PFPE and PFC specifics: PFPEs and PFCs present a paradox, because their intramolecular forces are strong while intermolecular forces are weak. However, at molecular level, very weak does not mean negligible; quite the contrary.

On the whole, these molecules are non-polar since the (Cδ+–Fδ-) dipoles of the carbon-fluorine bonds, organized by attraction of head to tail, cancel each other out, with the net sum of zero. Further, the polarity of single intramolecular bonds does not match the high difference of electronegativity between fluorine and carbon. This is due to the low polarizability of fluorine atoms (see Table 1).

The low polarizability corresponds with minimum levels of intermolecular forces, 100% of the dispersion type, even in the case of high MW. This explains the similarity between perfluorodecalin and perfluorotripropylamine, in contrast with corresponding hydrogenated compounds. In other words, a perfluoroamine is first a perfluorinated substance and then an amine.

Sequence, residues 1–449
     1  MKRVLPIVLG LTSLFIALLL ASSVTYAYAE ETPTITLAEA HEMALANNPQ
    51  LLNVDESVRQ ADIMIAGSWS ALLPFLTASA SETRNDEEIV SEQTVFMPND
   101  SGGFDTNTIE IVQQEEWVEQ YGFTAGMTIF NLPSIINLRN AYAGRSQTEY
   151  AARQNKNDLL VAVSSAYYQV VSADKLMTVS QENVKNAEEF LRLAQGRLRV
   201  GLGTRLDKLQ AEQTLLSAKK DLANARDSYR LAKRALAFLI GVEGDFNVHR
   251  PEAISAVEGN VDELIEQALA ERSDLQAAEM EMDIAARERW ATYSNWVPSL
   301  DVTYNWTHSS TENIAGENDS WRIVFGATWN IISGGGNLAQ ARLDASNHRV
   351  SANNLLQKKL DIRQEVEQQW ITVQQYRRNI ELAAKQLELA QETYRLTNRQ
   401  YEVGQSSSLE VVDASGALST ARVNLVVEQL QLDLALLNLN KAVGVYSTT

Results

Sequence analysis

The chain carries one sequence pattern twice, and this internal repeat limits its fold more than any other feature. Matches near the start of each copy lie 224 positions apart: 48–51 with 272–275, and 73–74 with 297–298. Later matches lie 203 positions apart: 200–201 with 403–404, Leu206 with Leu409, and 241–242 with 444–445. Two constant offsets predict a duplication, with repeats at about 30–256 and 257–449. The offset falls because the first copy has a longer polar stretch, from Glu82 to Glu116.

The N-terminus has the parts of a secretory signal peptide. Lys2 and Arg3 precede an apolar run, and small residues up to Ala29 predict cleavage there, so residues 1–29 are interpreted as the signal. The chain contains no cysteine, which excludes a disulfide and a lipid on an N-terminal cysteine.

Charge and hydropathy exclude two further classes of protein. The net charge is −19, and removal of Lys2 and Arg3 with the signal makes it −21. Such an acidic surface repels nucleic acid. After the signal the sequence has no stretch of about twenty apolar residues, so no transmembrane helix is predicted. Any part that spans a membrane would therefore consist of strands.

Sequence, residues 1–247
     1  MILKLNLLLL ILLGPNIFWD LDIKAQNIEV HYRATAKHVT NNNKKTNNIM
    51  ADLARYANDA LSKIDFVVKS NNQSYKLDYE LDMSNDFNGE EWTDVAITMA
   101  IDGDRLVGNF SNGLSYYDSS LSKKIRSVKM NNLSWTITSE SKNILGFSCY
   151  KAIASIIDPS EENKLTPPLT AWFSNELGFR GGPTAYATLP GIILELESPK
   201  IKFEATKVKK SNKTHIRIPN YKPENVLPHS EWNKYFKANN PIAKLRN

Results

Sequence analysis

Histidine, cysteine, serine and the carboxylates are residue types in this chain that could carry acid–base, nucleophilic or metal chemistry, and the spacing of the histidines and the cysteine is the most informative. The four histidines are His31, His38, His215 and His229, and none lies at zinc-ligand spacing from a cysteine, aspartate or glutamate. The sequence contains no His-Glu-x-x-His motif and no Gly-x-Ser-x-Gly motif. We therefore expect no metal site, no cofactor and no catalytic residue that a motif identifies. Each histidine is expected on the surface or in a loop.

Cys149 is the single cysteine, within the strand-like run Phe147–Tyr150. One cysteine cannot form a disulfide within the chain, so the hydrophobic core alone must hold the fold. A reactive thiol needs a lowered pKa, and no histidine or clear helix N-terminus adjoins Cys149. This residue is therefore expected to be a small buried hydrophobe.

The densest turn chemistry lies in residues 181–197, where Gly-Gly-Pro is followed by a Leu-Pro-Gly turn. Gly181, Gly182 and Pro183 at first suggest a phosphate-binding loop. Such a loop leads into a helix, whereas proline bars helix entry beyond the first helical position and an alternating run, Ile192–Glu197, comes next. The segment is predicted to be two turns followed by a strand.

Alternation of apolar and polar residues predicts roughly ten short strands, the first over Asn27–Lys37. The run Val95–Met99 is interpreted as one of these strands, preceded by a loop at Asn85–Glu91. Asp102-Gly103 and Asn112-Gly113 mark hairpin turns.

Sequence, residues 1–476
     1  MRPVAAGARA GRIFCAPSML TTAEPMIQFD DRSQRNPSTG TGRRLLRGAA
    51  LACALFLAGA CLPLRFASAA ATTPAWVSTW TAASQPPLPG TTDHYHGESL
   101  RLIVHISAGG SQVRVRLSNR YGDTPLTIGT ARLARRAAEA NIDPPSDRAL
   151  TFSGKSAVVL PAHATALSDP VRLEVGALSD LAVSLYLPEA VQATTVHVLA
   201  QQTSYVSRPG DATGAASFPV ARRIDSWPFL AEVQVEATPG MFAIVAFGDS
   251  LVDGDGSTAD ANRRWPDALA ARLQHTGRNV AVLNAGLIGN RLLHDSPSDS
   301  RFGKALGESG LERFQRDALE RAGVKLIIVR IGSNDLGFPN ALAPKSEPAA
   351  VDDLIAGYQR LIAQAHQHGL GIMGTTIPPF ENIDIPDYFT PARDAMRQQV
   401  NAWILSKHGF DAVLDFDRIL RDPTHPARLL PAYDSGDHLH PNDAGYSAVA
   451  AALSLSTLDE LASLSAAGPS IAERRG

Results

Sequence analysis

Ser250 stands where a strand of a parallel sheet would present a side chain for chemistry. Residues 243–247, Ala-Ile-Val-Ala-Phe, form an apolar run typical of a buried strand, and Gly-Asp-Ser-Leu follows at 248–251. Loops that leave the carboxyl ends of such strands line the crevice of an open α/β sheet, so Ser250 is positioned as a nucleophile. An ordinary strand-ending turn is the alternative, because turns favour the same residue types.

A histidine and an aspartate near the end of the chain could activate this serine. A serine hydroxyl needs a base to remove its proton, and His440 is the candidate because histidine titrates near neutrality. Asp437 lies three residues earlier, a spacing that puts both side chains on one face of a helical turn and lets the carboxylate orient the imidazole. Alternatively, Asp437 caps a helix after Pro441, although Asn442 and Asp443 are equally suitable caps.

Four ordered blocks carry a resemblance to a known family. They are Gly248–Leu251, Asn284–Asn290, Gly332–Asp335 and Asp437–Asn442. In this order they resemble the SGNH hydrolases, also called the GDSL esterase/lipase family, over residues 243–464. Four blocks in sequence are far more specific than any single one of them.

More generally, this mechanism explains the main properties of PFPEs and PFCs, including opposite properties such as hydrophobicity and lipophobicity, or homophobicity (self-repellency and insolubility); the molecules of any other type prefer to interact with themselves rather than with molecules of almost negligible intermolecular forces.

It is expected that these intermolecular forces determine not only some intrinsic properties of PFPEs and PFCs, but also their behavior in formulation. However, this occurs only partially, since there is a certain dependence on the other components of the formulation. This dependence increases with their polarity, suggesting the action of other types of intermolecular forces in addition to dispersion forces. The importance of this aspect and of the disproportion between causes and effects is such that a discussion is necessary.

The generic assertion that dispersion forces are weaker than forces related to permanent dipoles is misleading.

Hydrogen Bonds and Fluorine: A Cosmetic Theory